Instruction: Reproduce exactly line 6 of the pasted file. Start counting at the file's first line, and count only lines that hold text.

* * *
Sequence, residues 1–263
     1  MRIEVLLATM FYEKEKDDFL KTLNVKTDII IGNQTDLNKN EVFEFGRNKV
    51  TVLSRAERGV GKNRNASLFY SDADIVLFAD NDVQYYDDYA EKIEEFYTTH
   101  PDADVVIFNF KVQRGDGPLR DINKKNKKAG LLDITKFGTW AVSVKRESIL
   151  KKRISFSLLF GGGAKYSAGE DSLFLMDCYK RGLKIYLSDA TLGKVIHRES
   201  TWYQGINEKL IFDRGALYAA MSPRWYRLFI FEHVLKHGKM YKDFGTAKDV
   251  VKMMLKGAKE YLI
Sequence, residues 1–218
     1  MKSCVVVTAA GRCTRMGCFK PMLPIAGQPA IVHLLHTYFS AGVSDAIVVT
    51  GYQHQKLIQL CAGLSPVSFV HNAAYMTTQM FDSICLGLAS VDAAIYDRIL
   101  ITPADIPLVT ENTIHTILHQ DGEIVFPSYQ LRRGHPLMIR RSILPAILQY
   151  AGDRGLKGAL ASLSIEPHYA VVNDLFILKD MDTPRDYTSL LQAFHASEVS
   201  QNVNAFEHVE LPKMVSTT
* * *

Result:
   201  TWYQGINEKL IFDRGALYAA MSPRWYRLFI FEHVLKHGKM YKDFGTAKDV